Why CTVT Shouldn’t Stop You From Adopting Your Best Friend

Guest Article by Megan Glenn from meganwrites.co

They don’t need mood lighting or smooth jazz because . . . well . . . they’re dogs.  And as dogs do when given the right opportunity, and access to other canines, they mate. Which is why you may have heard recently of outbreaks of canine transmissible venereal tumors (CTVT)–particularly if you adopt from shelters.

But this isn’t a recent problem.  CTVT, according to Elizabeth Murchison of the University of Cambridge and her team who have completed the largest study of the disease to date, has been around for over 6,000 years.  It has been traced to Asia and unlike most cancerous tumors, it didn’t die with its owner.  It found a way to live on through sexual transmission.  It was eventually passed on to the Americas by dogs brought here by colonists, and the American version of the disease has become the dominant strain. CTVT is more prominent in tropical or subtropical climates, and in the U.S. is seen more in southern regions.

You may be aware of cancers that are connected to sexual behavior.  Cervical cancer in humans, for example, can be spread by sexual contact.  The cancer itself, however, is not the culprit in cervical cancer; it is rather the human papilloma virus that is transmitted and can cause a higher likelihood of cervical cancer.  In the case of CTVT, the cancer itself is transmitted from dog to dog through direct contact with the cauliflower-like tumors that characterize the disease.  Infection is not limited to the genitals of infected animals.  CTVT can be communicated to the skin, nasal tissue, the mouth, and, in rare cases, the eyes.

Dogs who have contracted CTVT may excessively lick the infected area, and you may notice bleeding or bruising in the affected area.  Where visible, you might see nodules that continue to grow and that may ulcerate or bleed. Keep in mind, however, that the disease can proliferate in hard to see areas.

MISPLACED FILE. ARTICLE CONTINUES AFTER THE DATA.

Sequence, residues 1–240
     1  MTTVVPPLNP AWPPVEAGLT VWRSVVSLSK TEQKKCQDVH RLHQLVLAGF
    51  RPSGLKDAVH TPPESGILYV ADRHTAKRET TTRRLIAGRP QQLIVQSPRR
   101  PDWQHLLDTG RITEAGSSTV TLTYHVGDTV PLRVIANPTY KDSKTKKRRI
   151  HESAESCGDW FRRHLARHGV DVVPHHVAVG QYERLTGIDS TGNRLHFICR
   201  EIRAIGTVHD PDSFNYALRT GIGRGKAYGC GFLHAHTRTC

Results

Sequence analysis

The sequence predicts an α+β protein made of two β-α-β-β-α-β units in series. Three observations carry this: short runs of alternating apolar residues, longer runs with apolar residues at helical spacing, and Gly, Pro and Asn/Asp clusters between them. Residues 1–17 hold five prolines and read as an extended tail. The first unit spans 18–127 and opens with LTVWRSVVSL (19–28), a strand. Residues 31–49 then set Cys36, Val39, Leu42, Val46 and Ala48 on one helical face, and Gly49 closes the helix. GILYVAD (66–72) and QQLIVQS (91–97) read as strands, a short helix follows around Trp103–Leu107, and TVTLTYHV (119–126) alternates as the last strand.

A Wagging Tale

This is a story with a happy ending.  If you are someone considering adopting a pet from a shelter or fostering from rescue programs, don’t let fears of CTVT stop you because the disease is imminently treatable.  If you suspect an animal may be infected, ask your vet to take cell samples, which should indicate whether they carry CTVT or not.

Traditional treatments have included surgical excision of tumors, chemotherapy, and radiation therapy.  Because the disease is spread through contact with the CTVT lesion, effective treatment can eliminate spread from animal to animal and decrease the probability of recurrence.  Here are a few things to consider about each type of treatment”

  • Surgical excision:  is no longer the treatment of choice because of the high recurrence rate of between 18% and 60%.
  • Chemotherapy:  the standard treatment today is a six-week course of one dose of vincristine sulfate per week administered by IV.  This therapy has shown a high probability of 100% regression, which means no recurrence and no transmission to other dogs.  Factors that complicate the likelihood of success are age, immunosuppression, age, and recent pregnancy.
  • Radiation therapy: because chemotherapy has proven so effective, radiation is only used in the most resistant cases or when the disease has metastasized.  It has shown to be efficacious in these rare cases.

The good news, ultimately, is that, unlike other cancers, CTVT doesn’t seem to build resistance to drug therapy.  Therefore, it is more easily treated. Indeed, in the study conducted by Murchison, almost all of the 546 dogs sampled recovered with treatment, including those whose infections had metastasized.

Don’t Roll Over

There’s no need to fear the outcome of adopting a dog with CTVT.  The prognosis is excellent with chemotherapy and the likelihood of metastasizing is only around 5%.  Even if you have other dogs in your household, as long as they are kept separate until the disease is in remission, they should be safe.  And once treatment is complete, there is low probability of reinfection (unless they come into contact with another dog who has CTVT) and a high likelihood of living out a normal life.

You may, of course, hear chemotherapy and think cost prohibitive, but vincristine is a very cost effective drug with prices ranging on average from a 3-week course for around $300 to a 5-week course of around $350. The main factors of concern around chemotherapy are probably dealing with side effects more than cost.  Veterinarians indicate that the most common side effects of treatment are diarrhea, vomiting, and loss of appetite.  They usually occur within 24 to 72 hours of treatment.

So if you’ve seen that dog you love, don’t let the possibility of CTVT stop you from taking them home.  A little time, a small investment, and some tender loving care should soon have them in top shape, ready to be that best friend you’ve been looking for.